Repainting your house is a tricky business. Some rely on painting companies to do the job for you. Hiring the house painting service may also cost you. But if you are planning to paint it yourself, you might want to consider the basics; and consider the time and effort you will put on painting your house.
Plaster. New dry plaster in good condition, which is to be finished with a paint other than water paint, should be given a coat of primer-sealer and allowed to dry thoroughly before being inspected for uniformity of appearance. Variations in gloss and color differences in the case of tinted primers indicate whether or not the whole surface has been completely sealed. If not, a second coat of primer-sealer should be applied. If only a few "suction spots" are apparent, a second coat over these areas may be sufficient.
By far, the most important characteristic in determining whether you are Warm or Cool is your hair color. If you can't determine your exact eye or skin tone, then your hair color will provide the answer. Why? It frames your face!
Remember, you will need to clean the airless in that same fashion before you return the airless back to the rental company.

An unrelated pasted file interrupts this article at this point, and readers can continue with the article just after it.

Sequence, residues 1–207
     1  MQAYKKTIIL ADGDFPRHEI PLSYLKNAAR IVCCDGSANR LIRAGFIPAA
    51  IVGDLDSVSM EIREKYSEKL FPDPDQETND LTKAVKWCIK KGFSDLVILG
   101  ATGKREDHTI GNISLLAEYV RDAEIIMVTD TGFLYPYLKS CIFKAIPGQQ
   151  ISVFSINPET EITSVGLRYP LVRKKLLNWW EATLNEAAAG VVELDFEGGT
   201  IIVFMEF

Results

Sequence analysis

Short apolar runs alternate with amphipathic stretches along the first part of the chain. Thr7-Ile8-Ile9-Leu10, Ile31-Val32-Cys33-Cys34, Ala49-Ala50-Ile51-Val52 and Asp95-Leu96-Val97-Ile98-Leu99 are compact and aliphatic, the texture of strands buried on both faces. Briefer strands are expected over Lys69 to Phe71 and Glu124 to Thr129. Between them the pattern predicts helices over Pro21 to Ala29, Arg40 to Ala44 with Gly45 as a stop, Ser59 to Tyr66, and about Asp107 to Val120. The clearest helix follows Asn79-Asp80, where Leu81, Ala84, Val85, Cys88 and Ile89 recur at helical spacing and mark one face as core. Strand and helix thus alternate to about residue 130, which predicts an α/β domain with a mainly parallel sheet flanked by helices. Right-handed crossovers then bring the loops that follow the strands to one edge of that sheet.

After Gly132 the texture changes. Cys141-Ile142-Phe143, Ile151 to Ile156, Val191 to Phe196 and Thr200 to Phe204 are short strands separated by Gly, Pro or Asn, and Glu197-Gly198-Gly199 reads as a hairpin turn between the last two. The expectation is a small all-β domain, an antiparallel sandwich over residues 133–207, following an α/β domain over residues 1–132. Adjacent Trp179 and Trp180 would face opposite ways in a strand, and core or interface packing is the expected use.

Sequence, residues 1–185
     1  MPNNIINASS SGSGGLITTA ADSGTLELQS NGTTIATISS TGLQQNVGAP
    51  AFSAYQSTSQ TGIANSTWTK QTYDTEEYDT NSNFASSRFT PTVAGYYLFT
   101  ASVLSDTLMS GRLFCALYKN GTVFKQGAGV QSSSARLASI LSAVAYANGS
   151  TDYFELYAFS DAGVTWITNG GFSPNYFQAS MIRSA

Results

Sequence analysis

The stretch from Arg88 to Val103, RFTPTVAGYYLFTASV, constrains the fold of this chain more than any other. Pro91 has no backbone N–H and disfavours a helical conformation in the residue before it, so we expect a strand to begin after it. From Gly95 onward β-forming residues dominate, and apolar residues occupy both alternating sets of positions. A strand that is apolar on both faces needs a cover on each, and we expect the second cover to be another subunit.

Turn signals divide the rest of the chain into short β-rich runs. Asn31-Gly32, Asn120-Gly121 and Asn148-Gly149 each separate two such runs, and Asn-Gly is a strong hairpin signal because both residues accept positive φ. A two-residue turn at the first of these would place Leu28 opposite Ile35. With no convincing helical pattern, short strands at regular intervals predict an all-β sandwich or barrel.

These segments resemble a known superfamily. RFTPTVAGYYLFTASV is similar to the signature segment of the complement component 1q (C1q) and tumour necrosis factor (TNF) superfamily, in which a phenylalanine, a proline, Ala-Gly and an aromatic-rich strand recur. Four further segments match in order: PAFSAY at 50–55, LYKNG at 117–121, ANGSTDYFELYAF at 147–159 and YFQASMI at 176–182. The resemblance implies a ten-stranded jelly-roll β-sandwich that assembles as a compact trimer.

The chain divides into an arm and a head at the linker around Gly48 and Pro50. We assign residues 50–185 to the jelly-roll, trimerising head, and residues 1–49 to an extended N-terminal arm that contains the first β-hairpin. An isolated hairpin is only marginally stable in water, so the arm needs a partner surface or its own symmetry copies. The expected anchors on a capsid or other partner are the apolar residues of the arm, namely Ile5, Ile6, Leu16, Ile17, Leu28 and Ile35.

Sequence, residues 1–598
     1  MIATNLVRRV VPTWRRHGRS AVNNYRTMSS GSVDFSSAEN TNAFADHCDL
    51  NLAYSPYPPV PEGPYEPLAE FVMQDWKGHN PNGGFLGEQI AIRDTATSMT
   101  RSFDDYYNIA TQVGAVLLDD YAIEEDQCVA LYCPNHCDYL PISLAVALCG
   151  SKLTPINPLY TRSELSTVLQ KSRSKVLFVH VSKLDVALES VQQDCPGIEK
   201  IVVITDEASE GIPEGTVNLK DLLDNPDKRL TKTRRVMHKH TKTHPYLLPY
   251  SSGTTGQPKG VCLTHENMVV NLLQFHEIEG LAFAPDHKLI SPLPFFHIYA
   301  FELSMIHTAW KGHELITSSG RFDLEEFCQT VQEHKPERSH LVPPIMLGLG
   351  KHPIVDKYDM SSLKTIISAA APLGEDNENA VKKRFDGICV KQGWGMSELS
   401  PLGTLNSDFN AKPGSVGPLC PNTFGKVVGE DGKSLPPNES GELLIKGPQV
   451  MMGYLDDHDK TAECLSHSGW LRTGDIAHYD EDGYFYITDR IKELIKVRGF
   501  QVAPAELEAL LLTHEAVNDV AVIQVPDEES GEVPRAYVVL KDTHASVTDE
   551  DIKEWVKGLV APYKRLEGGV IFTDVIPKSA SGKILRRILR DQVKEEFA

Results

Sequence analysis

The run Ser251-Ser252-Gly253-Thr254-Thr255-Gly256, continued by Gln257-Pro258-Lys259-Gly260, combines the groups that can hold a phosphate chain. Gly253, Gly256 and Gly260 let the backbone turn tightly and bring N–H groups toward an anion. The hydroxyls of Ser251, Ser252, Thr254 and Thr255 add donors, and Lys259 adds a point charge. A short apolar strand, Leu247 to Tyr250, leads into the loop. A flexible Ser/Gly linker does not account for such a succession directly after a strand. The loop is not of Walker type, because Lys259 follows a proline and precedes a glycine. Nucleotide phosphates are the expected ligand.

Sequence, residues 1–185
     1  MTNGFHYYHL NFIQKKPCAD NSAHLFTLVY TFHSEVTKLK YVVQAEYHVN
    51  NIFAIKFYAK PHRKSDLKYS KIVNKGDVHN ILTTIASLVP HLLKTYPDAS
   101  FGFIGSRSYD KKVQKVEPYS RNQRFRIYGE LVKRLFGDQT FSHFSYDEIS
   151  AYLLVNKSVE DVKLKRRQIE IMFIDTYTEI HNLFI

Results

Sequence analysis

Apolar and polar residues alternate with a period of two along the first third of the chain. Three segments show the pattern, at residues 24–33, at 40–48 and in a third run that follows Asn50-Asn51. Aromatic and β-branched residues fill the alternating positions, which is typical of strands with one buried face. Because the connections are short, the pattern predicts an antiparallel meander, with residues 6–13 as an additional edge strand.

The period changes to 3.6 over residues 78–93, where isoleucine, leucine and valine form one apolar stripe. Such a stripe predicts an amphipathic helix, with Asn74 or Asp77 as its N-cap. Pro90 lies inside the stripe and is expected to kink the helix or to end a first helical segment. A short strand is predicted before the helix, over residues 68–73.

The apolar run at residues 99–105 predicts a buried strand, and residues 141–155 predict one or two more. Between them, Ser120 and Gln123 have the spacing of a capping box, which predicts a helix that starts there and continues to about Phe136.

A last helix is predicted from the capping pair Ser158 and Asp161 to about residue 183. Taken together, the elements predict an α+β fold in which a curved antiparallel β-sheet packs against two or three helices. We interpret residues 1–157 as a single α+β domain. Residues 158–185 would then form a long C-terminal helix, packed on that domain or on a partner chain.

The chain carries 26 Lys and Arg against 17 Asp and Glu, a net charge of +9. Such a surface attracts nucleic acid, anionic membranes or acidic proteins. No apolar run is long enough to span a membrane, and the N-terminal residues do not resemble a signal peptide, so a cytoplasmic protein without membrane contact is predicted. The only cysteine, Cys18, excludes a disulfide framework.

Acrylic is the second new name for magic in paints. This is also a plastic-in-water. Solid acrylic you know as the beautiful, glasslike Plexiglas and Lucite.
It's funny, but many of the colors that a paint company puts in its line would never look good painted on any wall. The colors are 100% used to grab your attention when you are perusing paint displays. People are helplessly attracted to bright colors; they are much more eye-catching and far more interesting to our brains.
Now that you have primed the airless, make sure that there isn't a tip in the gun of the airless and bring it over to the empty bucket. Since there is typically cleaning solution in the hose leading to the gun it is a good idea to spray that out until you see thick paint coming out. Once you have thick paint coming out you may put your tip back in. Remember that the tip will have an arrow on one side of the handle that shows which direction it must be in, in order to spray.